The Faculty of Forestry at the University of Toronto has a wonderful teaching-learning style. Every year, the incoming batch of students is given a preview … a curtain-raiser if you must, to what they will be studying as well as an example of a beautifully-managed Haliburton Forest that they can draw upon as they go through each semester.
This trailer entails a visit to a universe within a city where life takes on a verdant shade, away from the clanking of city streets.
I am fortunate enough to be part of that group.
What I learnt was not just what it takes to manage a forest and/or points that will help me with my studies but things about myself. As a new bunch of students who have known each other only a few hours, when put in a situation – strange and vulnerable – as we were, what emerges is our true personality. So this may sound like bragging but we are a mighty awesome group.
There was always good-natured ribbing, early-morning grumbling and complaints about how much we had to hike but the fact that we were all in it together made it an experience worth the while.
Our professors – caretakers as we sometimes referred to them – made sure that it wasn’t all learning and we had time to have fun. They were always there with a joke, a smile, a comforting word or an encouraging nod.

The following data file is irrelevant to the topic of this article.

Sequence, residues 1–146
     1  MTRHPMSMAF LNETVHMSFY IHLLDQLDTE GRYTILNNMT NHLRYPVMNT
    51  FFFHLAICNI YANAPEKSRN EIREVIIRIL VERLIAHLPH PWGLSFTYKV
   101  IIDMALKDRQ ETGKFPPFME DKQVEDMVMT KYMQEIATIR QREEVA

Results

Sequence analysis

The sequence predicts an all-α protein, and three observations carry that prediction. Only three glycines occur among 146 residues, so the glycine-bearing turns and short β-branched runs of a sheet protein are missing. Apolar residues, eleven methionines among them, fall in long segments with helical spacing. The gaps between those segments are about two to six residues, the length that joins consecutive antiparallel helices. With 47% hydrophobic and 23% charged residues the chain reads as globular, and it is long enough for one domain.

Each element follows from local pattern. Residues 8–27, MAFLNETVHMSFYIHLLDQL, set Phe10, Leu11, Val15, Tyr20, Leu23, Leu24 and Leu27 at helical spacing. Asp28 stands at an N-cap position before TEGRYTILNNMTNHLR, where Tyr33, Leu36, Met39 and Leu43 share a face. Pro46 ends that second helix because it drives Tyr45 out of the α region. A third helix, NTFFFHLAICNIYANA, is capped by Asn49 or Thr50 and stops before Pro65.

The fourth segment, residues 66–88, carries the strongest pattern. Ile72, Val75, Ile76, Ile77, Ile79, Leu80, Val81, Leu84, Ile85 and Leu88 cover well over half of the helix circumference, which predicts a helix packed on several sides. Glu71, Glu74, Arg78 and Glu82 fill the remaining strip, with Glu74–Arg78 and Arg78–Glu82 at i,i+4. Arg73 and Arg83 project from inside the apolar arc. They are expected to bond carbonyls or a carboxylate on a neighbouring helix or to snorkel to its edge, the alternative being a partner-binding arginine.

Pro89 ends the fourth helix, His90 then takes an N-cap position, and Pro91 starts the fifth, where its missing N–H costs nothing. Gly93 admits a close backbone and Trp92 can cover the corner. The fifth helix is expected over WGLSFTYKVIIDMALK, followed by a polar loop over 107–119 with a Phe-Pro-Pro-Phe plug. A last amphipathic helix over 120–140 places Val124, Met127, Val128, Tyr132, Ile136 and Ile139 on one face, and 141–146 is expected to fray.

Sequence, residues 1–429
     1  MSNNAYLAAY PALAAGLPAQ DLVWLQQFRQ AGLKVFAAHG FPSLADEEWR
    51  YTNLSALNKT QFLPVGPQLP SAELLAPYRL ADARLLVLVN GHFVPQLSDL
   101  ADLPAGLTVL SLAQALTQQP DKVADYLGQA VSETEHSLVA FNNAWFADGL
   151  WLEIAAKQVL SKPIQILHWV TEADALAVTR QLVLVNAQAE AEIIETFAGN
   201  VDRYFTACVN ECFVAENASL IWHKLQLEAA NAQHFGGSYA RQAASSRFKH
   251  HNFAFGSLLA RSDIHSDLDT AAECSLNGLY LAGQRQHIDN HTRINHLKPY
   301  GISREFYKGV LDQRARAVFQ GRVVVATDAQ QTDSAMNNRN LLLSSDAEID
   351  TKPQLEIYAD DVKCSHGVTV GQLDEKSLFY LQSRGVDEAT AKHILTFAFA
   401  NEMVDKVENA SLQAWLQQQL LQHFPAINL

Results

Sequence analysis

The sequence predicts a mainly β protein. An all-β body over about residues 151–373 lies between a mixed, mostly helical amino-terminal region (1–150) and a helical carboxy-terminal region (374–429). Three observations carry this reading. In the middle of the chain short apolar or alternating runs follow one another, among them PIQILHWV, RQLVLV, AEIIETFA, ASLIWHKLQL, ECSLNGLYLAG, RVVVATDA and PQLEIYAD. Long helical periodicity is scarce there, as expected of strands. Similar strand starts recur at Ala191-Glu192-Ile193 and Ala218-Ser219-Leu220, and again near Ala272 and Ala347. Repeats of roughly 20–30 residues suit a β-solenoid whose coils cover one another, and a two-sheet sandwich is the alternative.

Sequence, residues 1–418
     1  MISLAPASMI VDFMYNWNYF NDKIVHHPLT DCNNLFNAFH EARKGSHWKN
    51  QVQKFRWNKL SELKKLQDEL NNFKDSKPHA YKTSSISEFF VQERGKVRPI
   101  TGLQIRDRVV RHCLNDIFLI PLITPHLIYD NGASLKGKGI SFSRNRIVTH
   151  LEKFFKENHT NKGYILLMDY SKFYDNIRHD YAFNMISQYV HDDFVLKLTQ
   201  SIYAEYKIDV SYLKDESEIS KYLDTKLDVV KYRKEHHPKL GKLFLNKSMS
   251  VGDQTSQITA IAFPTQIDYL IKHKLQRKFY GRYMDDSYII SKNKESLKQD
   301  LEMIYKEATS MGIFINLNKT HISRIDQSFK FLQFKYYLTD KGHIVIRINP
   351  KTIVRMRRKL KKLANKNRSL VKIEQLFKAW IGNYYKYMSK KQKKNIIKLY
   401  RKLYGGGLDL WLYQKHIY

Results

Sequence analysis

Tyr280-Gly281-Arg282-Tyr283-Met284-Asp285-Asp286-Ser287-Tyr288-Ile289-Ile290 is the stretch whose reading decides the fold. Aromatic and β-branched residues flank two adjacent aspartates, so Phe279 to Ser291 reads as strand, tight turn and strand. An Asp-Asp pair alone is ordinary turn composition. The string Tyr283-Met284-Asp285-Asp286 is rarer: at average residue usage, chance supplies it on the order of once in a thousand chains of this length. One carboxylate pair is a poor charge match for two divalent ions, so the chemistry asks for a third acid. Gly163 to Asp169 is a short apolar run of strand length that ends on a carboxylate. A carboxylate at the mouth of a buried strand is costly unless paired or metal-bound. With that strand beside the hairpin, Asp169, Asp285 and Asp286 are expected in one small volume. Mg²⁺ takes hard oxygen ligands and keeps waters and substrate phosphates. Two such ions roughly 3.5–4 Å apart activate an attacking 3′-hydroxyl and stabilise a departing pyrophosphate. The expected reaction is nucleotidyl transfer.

Here’s a for instance: I am one of those people who is accident-prone. So it wasn’t very surprising that I fell handsomely when climbing down a slope, walking through a springy, mossy area through the forest and while climbing over fallen logs. But I also like to try adventurous things. One of the things I was most looking forward to during our trip to Haliburton was the canopy walk. By the time I got to get up on the canopy trail it had started to get quite dark and although I was paired-up with one of the most wonderful, patient classmates who actually helped me every step of the way, about halfway through the walk I gave up. I figured I am not very sure-footed on terra firma, so it would be quite frightening for our professors if I lost my step quite a few feet up in the air (in spite of it being completely safe) because it was dark and I couldn’t see well or was in a hurry to get off. Our guide helped me get off, and I was embarrassed as I told our chief caretaker that I chickened out. He replied, “don’t sell yourself short. You tried and got halfway through. That is all that matters.”
That made all the difference.
My peeps have not asked me any questions about it, have not made fun about it or even mentioned it. They simply appreciate that I tried and knew when to call it quits. (The only other time I was this comfortable with a group was when I was a fellow at The Poynter Institute).
Just as it was at The Poynter Institute, here at the Faculty of Forestry, I know that I have 25 people around me who will always be there for me, and I hope I will be there for them. We know we can trust each other, learn and yet have fun.
I look forward to the next 16 months.